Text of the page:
Big financial data at the Faculty of Applied Sciences

International University Science

An agreement between Department of Mathematics FAV ZČU and Deutsche Börse AG, has been recently signed to provide Eurex market stream data for academic and research purposes. We asked the principal investigator Jan Pospíšil from the Department of Mathematics, to tell us more about his intentions.

What kind of data it is and how do you plan to use it in your research?
Eurex is an international electronic exchange belonging to Deutsche Börse AG group which primarily offers trading in European based derivatives. It is the largest European futures and options market. Eurex Enhanced Order Book Interface (EOBI) provides complete trade data and order book information showing every visible order and quote for the most liquid Eurex futures contracts. The EOBI data will be primarily used in research activities oriented towards the study of the so called rough fractional stochastic volatility (RFSV) models.


Could you explain to a general public, what kind of models you talk about?
In finance, volatility is the degree of variation of a trading price series over time. Stochastic volatility models are those in which the variance of the price process is itself randomly distributed, we say that the volatility is itself a stochastic process. We consider a new generation of stochastic volatility models, called rough volatility models, where the instantaneous volatility is driven by the so called rough fractional Brownian motion. This rough fractional driver is a short-memory generalization of the standard Brownian motion. Although RFSV models have proven to be superior in low-frequency market data fitting, very little is known about the roughness of volatility in the high-frequency intra-day data and about its evolution in big order book data over longer periods of time. Moreover, techniques used in the calibration of rough volatility models are still inefficient in terms of speed, accuracy, robustness, and sensitivity to be used widely in practice.

What does "big data" mean in your case? How big is the data set?
Well, we speak about billions of order book messages per day. Raw data has several hundreds of gigabytes per day and one-year data set is in the order of several tens to hundreds of terabytes. Roughly the same capacity will be also needed to decode and process the data.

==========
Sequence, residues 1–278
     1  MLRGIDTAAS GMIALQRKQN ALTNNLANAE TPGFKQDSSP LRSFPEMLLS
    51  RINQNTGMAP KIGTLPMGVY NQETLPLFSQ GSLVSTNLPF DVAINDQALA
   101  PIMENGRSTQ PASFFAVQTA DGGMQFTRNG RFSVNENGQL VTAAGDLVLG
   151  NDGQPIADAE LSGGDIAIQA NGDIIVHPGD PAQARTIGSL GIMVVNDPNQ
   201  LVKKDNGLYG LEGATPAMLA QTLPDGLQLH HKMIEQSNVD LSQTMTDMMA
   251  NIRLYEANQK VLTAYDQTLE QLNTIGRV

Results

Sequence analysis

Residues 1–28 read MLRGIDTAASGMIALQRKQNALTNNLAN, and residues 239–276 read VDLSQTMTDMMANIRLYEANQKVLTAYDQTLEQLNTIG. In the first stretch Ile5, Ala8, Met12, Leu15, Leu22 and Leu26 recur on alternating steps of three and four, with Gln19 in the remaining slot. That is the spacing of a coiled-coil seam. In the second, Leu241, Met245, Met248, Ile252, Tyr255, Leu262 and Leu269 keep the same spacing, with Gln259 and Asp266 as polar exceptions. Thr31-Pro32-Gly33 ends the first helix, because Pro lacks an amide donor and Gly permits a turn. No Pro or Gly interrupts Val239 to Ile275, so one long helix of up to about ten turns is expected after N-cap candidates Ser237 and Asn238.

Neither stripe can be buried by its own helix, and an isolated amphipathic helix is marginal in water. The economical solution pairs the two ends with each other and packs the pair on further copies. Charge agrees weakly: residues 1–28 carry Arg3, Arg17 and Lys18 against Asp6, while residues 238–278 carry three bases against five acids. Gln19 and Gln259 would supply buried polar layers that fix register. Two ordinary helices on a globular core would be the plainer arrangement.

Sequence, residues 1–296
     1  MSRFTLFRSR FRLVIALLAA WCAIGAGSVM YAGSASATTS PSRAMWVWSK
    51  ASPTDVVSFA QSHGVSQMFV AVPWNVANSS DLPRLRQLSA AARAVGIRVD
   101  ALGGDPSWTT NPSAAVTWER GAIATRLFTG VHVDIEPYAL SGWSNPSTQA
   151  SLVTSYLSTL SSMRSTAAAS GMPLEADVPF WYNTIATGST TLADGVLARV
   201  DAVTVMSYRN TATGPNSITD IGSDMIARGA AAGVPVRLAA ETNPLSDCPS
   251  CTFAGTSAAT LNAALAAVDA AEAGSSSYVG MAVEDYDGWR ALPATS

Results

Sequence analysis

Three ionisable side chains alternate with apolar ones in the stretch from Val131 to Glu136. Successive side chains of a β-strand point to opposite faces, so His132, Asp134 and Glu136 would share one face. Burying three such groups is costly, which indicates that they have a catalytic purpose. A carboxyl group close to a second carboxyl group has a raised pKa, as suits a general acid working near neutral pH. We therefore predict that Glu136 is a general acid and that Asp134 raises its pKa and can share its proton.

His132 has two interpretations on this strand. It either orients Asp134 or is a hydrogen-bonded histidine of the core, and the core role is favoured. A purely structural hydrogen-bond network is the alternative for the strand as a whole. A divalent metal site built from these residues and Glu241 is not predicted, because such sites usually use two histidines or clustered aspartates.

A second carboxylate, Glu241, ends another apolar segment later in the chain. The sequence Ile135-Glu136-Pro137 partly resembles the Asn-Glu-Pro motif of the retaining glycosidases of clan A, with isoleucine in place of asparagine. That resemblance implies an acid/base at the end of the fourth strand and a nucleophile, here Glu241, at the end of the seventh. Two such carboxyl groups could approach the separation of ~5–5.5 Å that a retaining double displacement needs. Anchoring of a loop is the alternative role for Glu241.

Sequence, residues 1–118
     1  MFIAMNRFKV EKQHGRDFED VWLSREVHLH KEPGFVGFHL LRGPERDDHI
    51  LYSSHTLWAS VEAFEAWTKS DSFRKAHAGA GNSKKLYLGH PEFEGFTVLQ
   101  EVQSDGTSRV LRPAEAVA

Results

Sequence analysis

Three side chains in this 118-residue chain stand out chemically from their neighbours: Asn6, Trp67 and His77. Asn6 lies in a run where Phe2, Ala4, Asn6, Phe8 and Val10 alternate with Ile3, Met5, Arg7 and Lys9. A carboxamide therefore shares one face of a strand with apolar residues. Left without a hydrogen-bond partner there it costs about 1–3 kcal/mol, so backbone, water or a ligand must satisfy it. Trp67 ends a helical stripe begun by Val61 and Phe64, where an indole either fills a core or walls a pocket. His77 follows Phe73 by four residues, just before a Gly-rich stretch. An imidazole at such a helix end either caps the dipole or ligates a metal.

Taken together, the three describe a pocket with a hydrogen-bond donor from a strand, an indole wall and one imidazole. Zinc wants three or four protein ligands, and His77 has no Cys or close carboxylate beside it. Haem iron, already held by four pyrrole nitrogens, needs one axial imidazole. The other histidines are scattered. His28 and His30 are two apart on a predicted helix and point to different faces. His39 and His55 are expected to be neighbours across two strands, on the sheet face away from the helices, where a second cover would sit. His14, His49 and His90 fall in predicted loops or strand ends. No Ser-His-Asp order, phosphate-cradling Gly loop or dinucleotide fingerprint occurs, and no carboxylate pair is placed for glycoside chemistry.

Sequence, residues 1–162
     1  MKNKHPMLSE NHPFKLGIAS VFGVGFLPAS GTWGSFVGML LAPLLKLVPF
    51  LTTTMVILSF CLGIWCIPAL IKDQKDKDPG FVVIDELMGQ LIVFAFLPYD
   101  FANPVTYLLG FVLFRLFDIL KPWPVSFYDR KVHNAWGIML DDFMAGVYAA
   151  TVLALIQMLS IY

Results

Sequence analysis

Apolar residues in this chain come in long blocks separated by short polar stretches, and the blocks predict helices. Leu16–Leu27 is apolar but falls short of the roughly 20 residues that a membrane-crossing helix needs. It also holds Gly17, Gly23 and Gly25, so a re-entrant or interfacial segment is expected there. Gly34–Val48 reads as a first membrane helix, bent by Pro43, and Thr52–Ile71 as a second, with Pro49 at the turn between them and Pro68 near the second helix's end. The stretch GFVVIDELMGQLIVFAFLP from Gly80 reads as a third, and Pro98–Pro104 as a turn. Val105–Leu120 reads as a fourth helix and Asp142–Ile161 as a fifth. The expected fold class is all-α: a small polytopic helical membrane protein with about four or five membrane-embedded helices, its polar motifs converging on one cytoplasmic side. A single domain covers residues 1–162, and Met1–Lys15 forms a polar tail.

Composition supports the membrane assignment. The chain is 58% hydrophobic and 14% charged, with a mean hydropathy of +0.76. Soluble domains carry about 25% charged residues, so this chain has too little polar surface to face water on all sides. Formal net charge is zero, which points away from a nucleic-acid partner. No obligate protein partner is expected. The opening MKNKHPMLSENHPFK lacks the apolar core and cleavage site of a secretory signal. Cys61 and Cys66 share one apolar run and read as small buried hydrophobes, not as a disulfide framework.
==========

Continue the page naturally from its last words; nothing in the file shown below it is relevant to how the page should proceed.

That is really a lot of data. Where and how do you plan to process the data and what do you plan to get out of it?
We plan to use the computing and storage facilities of the Czech national e-infrastructure for research and development
e-INFRA CZ, in particular the highly-intensive computations will be run in the MetaCentrum grid infrastructure that we are part of. Non trivial amount of time will be spent on understanding the data and reconstruction of all studied order books, i.e. it is hard to predict the results now, but we have several ideas and I can probably say that we aim to supply the academic and financial sector with the right accurate tools and techniques together with easily tractable algorithms. Among others, we will try to apply e.g. modern attention mechanisms from machine learning to develop innovative, highly accurate models based on deep neural networks. Here I would like to appreciate the help of my co-author Kamil Ekštein from the Department of Computer Science and Engineering.

Do you plan to involve students in your research?
Yes, of course. Suitable subsets of the extensive EOBI data set will be used for teaching purposes of my graduate level course KMA/SF Stochastic Finance, as well as for the individual student projects, including the Bachelor's, Master's and Doctoral theses.
Last but not least, I would like to take advantage of this opportunity and thank Deutsche Börse for giving us access to their data. I strongly believe that real market data will significantly enhance the quality of our academic and research activities.

Photos courtesy of Deutsche Börse AG.


"The Cube", headquarters of Deutsche Börse AG in Eschborn.

"The Cube" reception & lobby.

Frankfurt Stock Exchange building at Börsenplatz square.

Complete view of the trading hall at the Frankfurt Stock Exchange.

Eurex trading system screen.

Jan Pospíšil from the Department of Mathematics.

Faculty of Applied Sciences

Jan Pospíšil, Martina Batková

04. 12. 2022